Please use this identifier to cite or link to this item: http://hdl.handle.net/2445/124894
Title: Disparate effects of global-change drivers on mountain conifer forests: warming-induced growth enhancement in young trees vs. CO2 fertilization in old trees from wet sites
Author: Camarero, J.J.
Gazol, A.
Galván, J.D.
Sangüesa-Barreda, G.
Gutiérrez Merino, Emilia
Keywords: Canvis climàtics
Ecologia forestal
Climatic changes
Forest ecology
Issue Date: 31-Oct-2014
Publisher: John Wiley & Sons
Abstract: Theory predicts that the postindustrial rise in the concentration of CO2 in the atmosphere (ca ) should enhance tree growth either through a direct fertilization effect or indirectly by improving water use efficiency in dry areas. However, this hypothesis has received little support in cold-limited and subalpine forests where positive growth responses to either rising ca or warmer temperatures are still under debate. In this study, we address this issue by analyzing an extensive dendrochronological network of high-elevation Pinus uncinata forests in Spain (28 sites, 544 trees) encompassing the whole biogeographical extent of the species. We determine if the basal area increment (BAI) trends are linked to climate warming and increased ca by focusing on region- and age-dependent responses. The largest improvement in BAI over the past six centuries occurred during the last 150 years affecting young trees and being driven by recent warming. Indeed, most studied regions and age classes presented BAI patterns mainly controlled by temperature trends, while growing-season precipitation was only relevant in the driest sites. Growth enhancement was linked to rising ca in mature (151-300 year-old trees) and old-mature trees (301-450 year-old trees) from the wettest sites only. This finding implies that any potential fertilization effect of elevated ca on forest growth is contingent on tree features that vary with ontogeny and it depends on site conditions (for instance water availability). Furthermore, we found widespread growth decline in drought-prone sites probably indicating that the rise in ca did not compensate for the reduction in water availability. Thus, warming-triggered drought stress may become a more important direct driver of growth than rising ca in similar subalpine forests. We argue that broad approaches in biogeographical and temporal terms are required to adequately evaluate any effect of rising ca on forest growth.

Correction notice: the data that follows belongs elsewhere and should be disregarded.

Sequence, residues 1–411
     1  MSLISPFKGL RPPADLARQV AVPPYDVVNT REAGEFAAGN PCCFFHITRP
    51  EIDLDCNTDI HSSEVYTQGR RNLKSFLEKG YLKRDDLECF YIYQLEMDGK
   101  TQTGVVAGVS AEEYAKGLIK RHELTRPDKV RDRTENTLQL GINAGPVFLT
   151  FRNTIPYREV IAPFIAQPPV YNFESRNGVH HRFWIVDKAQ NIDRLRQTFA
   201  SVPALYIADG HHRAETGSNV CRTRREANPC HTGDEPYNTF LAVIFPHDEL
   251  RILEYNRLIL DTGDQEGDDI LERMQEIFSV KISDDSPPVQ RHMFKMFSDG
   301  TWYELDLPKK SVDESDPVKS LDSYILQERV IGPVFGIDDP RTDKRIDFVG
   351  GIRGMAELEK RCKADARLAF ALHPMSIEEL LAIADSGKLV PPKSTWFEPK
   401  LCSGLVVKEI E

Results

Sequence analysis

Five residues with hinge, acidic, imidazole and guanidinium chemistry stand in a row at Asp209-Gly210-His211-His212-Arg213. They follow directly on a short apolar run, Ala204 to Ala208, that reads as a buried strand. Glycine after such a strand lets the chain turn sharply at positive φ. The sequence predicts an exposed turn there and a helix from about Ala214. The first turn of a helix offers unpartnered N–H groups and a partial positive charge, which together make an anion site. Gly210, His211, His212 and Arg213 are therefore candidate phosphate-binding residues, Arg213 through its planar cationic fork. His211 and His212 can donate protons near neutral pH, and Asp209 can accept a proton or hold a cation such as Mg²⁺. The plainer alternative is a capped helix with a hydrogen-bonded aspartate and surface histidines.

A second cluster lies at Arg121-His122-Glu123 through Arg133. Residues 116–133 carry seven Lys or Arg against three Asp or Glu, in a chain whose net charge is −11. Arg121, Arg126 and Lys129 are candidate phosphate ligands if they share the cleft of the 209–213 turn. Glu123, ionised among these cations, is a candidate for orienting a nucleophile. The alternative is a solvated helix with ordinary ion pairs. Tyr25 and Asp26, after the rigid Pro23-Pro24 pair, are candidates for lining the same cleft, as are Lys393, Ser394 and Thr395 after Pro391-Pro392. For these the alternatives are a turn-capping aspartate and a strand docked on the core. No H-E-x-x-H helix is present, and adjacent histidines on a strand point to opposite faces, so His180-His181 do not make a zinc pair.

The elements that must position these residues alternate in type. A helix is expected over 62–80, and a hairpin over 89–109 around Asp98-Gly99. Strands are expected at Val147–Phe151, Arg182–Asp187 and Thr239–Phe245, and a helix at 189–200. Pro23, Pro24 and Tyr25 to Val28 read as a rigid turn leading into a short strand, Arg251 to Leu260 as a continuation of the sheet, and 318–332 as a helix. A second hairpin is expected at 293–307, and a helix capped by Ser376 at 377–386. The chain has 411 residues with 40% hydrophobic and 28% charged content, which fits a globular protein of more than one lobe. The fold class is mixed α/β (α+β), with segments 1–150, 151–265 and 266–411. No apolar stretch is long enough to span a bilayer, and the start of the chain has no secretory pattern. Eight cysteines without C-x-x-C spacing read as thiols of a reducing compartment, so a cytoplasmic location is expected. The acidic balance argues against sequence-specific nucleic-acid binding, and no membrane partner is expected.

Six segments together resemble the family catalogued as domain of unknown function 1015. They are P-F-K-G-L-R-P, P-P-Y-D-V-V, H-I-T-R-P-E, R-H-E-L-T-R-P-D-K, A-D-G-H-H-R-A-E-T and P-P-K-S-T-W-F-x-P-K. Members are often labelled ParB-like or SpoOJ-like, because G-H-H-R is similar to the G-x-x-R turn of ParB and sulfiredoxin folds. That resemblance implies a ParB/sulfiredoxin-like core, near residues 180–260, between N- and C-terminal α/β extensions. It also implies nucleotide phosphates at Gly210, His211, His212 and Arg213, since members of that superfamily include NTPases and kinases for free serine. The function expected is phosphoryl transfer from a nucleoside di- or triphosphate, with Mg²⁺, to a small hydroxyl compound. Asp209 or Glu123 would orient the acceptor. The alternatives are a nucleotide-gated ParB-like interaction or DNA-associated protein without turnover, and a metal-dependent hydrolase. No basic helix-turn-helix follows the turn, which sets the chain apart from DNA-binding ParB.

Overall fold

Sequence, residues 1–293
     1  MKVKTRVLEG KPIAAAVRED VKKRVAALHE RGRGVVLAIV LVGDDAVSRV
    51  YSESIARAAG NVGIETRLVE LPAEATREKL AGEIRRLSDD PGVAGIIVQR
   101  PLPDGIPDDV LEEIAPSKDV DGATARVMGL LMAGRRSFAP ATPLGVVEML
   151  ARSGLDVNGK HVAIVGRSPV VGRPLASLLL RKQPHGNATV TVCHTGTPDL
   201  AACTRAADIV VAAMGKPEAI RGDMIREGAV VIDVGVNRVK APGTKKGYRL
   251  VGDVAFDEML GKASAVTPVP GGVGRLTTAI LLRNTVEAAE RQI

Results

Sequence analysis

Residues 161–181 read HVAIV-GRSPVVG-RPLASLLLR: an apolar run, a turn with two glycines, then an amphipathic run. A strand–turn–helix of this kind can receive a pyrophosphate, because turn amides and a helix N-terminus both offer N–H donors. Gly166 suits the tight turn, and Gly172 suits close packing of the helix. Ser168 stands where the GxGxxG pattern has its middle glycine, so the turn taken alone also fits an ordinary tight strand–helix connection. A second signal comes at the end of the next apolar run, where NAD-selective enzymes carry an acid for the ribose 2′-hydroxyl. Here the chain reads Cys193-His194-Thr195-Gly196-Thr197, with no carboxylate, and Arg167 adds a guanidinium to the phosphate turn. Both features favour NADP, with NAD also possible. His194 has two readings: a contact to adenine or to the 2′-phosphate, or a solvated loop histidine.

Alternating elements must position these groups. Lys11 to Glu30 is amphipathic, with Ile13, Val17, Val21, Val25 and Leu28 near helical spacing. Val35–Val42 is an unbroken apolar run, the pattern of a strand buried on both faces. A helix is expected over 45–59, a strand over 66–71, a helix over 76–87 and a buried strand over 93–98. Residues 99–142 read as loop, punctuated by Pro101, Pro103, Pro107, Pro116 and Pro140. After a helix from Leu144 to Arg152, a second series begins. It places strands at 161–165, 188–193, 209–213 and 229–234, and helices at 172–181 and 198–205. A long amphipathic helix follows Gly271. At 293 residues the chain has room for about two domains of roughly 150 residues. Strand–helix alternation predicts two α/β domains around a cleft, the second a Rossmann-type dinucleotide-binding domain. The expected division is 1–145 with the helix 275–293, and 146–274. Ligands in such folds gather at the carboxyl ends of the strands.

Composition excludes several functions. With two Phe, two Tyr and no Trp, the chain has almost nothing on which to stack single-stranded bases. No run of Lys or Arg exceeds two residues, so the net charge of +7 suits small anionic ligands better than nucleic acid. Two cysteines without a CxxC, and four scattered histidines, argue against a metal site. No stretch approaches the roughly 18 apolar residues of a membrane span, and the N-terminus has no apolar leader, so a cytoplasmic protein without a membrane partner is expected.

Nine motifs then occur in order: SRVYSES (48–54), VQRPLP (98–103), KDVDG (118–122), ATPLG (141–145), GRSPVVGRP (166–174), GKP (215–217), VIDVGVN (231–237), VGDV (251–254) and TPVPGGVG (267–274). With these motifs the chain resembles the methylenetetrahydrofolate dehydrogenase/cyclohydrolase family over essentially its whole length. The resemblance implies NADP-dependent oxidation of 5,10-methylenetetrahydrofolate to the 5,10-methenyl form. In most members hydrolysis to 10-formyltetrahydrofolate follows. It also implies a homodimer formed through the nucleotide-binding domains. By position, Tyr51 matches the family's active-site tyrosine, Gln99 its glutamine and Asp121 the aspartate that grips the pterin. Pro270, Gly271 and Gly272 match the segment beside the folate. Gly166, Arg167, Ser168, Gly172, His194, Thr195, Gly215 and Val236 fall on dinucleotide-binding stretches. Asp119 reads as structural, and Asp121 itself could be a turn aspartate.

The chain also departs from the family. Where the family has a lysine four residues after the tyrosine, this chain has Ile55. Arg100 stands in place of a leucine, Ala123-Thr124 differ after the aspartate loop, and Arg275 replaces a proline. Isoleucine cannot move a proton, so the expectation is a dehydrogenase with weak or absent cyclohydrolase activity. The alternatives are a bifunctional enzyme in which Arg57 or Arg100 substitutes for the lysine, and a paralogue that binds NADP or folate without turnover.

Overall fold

Note: Versió postprint del document publicat a: https://doi.org/10.1111/gcb.12787
It is part of: Global Change Biology, 2014, vol. 21, num. 2, p. 738-749
URI: http://hdl.handle.net/2445/124894
Related resource: https://doi.org/10.1111/gcb.12787
ISSN: 1354-1013
Appears in Collections:Articles publicats en revistes (Biologia Evolutiva, Ecologia i Ciències Ambientals)

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